Following the American Civil War Sesquicentennial with day by day writings of the time, currently 1863.

January 13.—The rebel Congress, having passed a joint resolution of thanks to General Robert E. Lee, and his officers, Adjutant-General Cooper issued an order announcing the fact, with the following preface: “The President, having approved the following joint resolution of Congress, directs its announcement in general orders, expressive of his gratification at the tribute awarded the patriot officers and soldiers to whom it is addressed.

“For the military laggard, or him, who, in the pursuits of selfish and inglorious ease, forgets his country’s need, no note of approbation is sounded. His infamy is his only security from oblivion. But the heroic devotion of those, who, in defence of liberty and honor, have perilled all, while it confers in an approved conscience the best and highest reward, will also be cherished in perpetual remembrance by a grateful nation. Let this assurance stimulate the armies of the Confederacy everywhere to greater exertion and more resolute endurance, till, under the guidance of Heaven, the blessings of peace and freedom shall finally crown their efforts. Let all press forward in the road to independence, and for the security of the rights sealed to us in the blood of the first revolution. Honor and glory attend our success. Slavery and shame will attend our defeat.”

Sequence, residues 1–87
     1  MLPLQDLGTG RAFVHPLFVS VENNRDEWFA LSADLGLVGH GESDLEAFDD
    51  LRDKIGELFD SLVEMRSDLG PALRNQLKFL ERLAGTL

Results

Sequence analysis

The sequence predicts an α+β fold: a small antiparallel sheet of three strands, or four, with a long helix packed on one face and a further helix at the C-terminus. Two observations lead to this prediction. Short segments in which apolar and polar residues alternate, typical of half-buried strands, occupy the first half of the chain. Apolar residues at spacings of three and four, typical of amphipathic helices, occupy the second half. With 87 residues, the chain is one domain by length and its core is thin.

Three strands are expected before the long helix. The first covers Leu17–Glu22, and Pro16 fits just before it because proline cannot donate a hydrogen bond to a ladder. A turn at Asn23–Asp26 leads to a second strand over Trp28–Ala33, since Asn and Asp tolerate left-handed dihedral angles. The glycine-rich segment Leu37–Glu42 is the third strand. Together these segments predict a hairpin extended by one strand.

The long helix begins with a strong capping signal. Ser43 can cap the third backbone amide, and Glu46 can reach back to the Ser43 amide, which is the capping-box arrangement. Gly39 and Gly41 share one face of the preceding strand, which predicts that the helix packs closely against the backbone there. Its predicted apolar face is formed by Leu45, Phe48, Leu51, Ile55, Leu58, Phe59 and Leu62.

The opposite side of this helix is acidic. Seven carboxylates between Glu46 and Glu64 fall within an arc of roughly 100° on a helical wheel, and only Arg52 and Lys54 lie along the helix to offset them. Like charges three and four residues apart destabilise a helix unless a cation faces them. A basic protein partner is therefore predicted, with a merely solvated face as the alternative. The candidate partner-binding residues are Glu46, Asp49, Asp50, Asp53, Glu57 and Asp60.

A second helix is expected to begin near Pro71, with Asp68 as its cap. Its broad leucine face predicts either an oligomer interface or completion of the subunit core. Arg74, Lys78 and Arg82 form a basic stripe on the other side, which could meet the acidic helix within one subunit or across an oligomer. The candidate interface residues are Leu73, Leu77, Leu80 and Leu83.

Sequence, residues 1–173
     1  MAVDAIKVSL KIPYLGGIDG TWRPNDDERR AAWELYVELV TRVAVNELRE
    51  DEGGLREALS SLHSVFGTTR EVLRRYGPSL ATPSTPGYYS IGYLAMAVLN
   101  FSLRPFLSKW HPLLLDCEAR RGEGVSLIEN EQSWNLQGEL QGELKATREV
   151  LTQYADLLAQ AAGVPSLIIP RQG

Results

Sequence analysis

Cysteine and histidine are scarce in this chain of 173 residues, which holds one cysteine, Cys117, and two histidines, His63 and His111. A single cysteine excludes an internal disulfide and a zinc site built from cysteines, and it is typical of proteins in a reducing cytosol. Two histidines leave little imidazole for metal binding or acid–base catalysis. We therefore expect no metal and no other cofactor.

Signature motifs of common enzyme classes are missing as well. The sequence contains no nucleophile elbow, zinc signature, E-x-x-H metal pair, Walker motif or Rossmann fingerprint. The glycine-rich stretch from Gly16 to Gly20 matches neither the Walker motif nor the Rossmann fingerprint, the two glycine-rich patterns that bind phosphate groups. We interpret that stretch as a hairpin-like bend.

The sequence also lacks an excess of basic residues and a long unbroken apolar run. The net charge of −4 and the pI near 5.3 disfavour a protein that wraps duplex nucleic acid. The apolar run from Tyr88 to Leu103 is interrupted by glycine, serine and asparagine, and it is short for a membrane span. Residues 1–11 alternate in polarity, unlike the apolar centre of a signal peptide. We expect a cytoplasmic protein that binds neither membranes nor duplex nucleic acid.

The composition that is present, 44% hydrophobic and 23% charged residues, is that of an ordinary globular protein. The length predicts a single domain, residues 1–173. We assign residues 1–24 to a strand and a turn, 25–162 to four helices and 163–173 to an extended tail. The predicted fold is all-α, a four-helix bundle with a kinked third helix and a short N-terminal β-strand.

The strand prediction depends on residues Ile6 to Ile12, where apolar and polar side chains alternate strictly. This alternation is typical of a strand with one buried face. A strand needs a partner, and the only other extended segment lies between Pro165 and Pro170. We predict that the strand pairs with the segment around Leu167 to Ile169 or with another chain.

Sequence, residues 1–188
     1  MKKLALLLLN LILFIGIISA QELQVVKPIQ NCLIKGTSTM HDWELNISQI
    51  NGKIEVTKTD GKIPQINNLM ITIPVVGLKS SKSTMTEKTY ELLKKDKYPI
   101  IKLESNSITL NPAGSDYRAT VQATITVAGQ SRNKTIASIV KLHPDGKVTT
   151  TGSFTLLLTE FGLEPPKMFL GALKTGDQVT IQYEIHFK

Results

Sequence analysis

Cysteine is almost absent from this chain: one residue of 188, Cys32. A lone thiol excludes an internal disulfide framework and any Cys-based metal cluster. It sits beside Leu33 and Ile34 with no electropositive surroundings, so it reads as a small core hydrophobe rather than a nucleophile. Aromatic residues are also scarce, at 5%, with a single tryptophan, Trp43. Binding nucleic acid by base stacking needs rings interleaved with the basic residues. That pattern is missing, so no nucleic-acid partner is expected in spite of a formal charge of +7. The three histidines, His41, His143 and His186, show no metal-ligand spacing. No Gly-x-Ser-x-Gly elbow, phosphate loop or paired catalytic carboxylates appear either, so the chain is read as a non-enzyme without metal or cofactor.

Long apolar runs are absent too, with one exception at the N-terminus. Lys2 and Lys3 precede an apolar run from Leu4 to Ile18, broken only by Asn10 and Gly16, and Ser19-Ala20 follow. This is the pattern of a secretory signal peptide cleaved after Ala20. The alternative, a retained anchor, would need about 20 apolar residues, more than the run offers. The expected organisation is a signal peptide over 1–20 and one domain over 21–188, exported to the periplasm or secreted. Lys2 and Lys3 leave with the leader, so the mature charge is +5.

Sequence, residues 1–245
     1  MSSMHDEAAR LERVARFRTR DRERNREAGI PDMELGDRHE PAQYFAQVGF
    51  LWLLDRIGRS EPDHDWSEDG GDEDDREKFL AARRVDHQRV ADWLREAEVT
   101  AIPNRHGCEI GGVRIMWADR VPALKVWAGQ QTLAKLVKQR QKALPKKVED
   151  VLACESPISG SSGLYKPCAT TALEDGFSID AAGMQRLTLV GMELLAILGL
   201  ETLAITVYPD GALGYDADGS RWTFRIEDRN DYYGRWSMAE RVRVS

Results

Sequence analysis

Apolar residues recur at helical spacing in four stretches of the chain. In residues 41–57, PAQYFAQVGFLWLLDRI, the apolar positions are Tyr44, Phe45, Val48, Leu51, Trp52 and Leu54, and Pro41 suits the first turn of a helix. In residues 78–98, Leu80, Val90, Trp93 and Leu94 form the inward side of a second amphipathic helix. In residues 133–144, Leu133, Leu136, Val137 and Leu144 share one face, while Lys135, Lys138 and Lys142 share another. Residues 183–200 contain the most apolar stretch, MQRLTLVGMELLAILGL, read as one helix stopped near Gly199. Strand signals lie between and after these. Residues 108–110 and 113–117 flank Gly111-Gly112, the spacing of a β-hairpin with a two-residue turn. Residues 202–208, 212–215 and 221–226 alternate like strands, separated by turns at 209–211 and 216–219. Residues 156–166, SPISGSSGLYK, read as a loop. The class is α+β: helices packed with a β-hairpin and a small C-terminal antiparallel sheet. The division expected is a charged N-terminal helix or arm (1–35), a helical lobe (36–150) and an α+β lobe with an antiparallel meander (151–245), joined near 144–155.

—The schooner Two Sisters, a tender to the United States flag-ship San Jacinto, captured, while trying to enter the Suwanee River, the British schooner William, from Nassau.—General Butler addressed a characteristic letter to the Perfectionists of the city of Norfolk, Va.— The following report was made by Colonel James A. Mulligan, from his headquarters at New-Creek, Va.: “A soldier of ours, James A. Walker, company H, Second Maryland regiment, captured in the attack upon the train at the Moorfield and Alleghany Junction, on the third instant, by the enemy under General Fitz-Hugh Lee, escaped when near Brocks’s Gap, on the fifth instant, and reported to me this morning. He informs me that thirteen of the enemy were killed and twenty wounded, in the skirmish. He also states that there was present under the command of General Fitz-Hugh Lee, three companies of negro troops, cavalry, armed with carbines. They were not engaged in the attack, but stationed with the reserve. The guards, he reports, openly admitted to the prisoners that they were accompanied by negro soldiers, stating, however, that the North had shown the example.”

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